In 2018 and 2019, the La Ronge Boreal Outdoor Recreation Association (BORA) community organization planned a group fat bike ride called “Nistowiak and Back.” (The 2020 and 2021 trips were cancelled due to COVID).
The 40-kilometre round trip expedition started from Stanley Mission and looped out to the falls. Participants overnighted at Jim’s Camp and had their gear transported for them and meals provided. They rode back on a different groomed trail the next day.
READ MORE: Where to Winter Camp in Saskatchewan
There is a Trailforks map that includes the northern and southern route taken by the Nistowiak and Back expedition in 2018. You can find it online here. The route was groomed specifically for the event. If you plan to fat bike to Nistowiak Falls, be prepared to bike on ungroomed snow and carry all your gear (including extra food and layers) with you.
It’s possible to cross-country ski into Nistowiak Falls. In fact, on my second snowmobile trip to the falls, we set up camp 10 kilometres away and skied in one afternoon. We skied from the Dale Peninsula, across the lake, and left our skis at the portage/snowmobile trail entrance. We carried pulks with extra gear and hiked in on the packed trail in winter boots. This isn’t the main route to access the falls – we approached from the south as the community of Stanley Mission was closed to the public due to COVID.
It’s also possible (and most recommended) to ski into the falls from Stanley Mission. The total distance one-way is about 18 kilometres. While it can be done in one day, it is easiest to carry gear in, camp overnight and ski out the next day. It’s possible to camp anywhere but you may be able to overnight at Jim’s Camp if you reach out and make arrangements in advance. There are no ski trails groomed to the falls but there are often snowmobile tracks to follow that make skiing more convenient.
How to Get to Nistowiak Falls in Summer
While part of Nistowiak Falls is in Lac La Ronge Provincial Park, Jim’s Camp is a tourist fishing camp located on the west side of the Rapid River and is part of Lac La Ronge Indian Band. There is a hiking trail accessible to the falls from the camp. I recommend asking for permission in advance if you are paddling or boating and plan to walk through Jim’s Camp to get to the falls.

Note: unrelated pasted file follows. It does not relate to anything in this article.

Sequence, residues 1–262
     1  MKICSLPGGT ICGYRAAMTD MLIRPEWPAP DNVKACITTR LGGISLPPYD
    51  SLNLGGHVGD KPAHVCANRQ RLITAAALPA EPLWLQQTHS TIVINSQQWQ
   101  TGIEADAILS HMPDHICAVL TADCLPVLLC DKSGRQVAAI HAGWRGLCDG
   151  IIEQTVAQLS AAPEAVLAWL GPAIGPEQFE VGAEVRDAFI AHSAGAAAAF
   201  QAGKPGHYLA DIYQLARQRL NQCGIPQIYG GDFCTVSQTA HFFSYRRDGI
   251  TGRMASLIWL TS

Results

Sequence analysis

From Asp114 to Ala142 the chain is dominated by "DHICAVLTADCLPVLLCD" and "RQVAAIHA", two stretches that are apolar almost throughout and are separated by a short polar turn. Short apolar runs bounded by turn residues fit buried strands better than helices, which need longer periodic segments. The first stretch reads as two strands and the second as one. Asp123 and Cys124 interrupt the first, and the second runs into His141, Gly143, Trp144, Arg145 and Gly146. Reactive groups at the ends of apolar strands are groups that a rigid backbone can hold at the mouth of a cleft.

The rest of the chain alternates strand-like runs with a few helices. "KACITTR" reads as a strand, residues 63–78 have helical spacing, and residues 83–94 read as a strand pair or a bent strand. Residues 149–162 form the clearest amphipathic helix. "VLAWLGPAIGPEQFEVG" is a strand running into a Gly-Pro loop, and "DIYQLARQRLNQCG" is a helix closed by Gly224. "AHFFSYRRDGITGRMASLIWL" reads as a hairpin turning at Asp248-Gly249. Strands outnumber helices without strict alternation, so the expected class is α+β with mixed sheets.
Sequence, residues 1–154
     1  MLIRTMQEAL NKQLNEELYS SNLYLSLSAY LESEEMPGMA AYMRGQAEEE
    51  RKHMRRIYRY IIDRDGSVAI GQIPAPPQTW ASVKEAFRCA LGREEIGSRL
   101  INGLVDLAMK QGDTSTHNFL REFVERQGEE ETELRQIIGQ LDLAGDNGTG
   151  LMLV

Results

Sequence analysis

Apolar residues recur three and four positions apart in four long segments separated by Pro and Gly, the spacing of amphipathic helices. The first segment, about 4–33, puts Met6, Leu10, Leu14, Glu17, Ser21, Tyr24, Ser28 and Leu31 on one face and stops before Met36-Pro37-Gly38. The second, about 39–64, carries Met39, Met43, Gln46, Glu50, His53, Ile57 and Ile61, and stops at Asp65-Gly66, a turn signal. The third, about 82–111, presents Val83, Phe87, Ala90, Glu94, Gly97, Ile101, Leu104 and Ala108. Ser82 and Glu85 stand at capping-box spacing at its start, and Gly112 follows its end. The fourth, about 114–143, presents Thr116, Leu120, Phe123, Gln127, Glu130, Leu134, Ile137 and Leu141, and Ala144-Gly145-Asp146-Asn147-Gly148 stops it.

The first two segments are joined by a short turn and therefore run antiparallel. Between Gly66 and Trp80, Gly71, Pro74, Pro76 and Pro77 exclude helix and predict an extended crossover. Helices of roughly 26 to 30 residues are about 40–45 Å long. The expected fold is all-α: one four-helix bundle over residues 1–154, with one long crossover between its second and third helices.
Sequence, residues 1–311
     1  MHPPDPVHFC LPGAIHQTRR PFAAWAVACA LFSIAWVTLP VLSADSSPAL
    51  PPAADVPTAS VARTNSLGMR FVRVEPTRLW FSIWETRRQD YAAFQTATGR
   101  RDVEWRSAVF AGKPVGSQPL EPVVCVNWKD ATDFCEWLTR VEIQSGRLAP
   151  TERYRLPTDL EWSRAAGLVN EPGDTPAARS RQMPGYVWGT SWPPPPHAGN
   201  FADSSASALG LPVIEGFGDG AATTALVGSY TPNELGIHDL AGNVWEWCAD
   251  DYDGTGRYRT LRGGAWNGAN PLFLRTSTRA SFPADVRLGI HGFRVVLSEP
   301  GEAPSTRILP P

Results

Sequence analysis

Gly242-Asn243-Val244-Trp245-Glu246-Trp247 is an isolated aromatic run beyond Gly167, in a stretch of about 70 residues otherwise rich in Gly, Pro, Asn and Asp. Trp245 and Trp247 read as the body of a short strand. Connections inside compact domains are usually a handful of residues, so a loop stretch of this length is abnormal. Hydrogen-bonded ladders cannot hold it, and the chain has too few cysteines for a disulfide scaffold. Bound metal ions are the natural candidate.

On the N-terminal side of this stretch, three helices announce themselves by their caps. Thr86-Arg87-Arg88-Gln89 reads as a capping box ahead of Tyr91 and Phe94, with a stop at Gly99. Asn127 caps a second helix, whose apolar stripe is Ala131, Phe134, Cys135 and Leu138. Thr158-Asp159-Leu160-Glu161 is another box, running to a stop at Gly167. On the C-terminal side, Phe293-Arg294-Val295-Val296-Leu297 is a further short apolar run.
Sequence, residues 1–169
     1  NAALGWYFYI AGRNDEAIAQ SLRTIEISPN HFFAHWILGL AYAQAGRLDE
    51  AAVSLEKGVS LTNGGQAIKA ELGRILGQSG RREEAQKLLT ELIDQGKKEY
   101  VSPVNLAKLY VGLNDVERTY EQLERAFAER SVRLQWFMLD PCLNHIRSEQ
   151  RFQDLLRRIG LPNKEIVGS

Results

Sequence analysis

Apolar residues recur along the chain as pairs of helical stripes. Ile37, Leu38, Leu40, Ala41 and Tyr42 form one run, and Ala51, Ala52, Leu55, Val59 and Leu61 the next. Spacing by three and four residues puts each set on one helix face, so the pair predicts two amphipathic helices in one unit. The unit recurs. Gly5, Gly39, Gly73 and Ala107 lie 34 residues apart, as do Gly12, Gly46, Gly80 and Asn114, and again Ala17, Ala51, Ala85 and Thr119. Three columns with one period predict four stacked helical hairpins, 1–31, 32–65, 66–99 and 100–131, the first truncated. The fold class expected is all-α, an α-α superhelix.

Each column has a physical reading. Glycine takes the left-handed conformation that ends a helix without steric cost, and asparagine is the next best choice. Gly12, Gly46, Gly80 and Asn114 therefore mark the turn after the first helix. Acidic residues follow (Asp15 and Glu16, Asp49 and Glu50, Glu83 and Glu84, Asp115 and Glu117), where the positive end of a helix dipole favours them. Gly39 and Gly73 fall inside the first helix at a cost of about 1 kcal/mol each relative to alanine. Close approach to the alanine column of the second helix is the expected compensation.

By Motor Boat
In 2015, my mom and I paid $250 and chartered a boat and guide for an afternoon to visit Nistowiak Falls. We booked the boat through Jim’s Camp and the tour took about 3.5 to 4 hours in total.
We followed a Google maps pin to a home in Stanley Mission. There, we were met by our boat driver. It was a very casual experience and there was no official office. Our guide took us to visit the Holy Trinity Church, to see rock paintings and we boated over Stanley Rapids on our way to the falls. We had about an hour to explore at the falls before we headed back.
By Float Plane
If driving and then boating (or canoeing or snowmobiling) isn’t on your radar, you can also charter a plane out of Missinipe to not only fly over but fly to Nistowiak Falls. While you’ll land on the water, you’ll still need to be capable of hiking about a kilometre to see the falls.
By Canoe or Kayak
The most popular way to reach Nistowiak Falls in the summertime is by canoe. While there are several multiday trip options to reach the falls, the most popular and quickest route is to paddle 20 kilometres one-way from Stanley Mission with an overnight on Drope Island.
Make sure to stop midway and check out the red ochre pictographs on the rock face. You can find them on the north side near Stanley Rapids where the river narrows. There are several markings including bison, moose, elk and human figures. They were painted by ancestors of the Woodland Cree who live in the area today. The pictographs will be just above the water level.
There is one portage you’ll have to make (skilled paddlers may be able to run the rapids depending on water levels). The short portage at Little Stanley Rapids has a boardwalk ramp with rollers to slide your canoe and gear along so you won’t need to unload and haul it all.
From the portage, there are several spots to camp on Drope Lake including on one of the islands in the lake or on the downstream side of the portage. Be aware of wind on this lake as it can create big waves that make it more challenging to cross. From Drope Lake, cross into Frog Narrows and then on to Nistowiak Lake.
If you’re looking for a guided canoe trip, Ric at Churchill River Canoe Outfitters can hook you up with a multi-day guided tour based out of Missinipe.
What Else to Do While Visiting Nistowiak Falls
Stanley Mission Church
If you travelled through Stanley Mission, make a point of stopping in at Holy Trinity Anglican Church. It’s a Gothic Revival church that took six years to build from 1854-1860. It is now the oldest building in Saskatchewan as well as a Provincial Heritage Property. You’ll need a boat to access the site.
*Interesting fact: The first shipment of hardware and glass for the church was lost when canoes capsized on the last leg of their journey from a factory in England, delaying the completion of the church.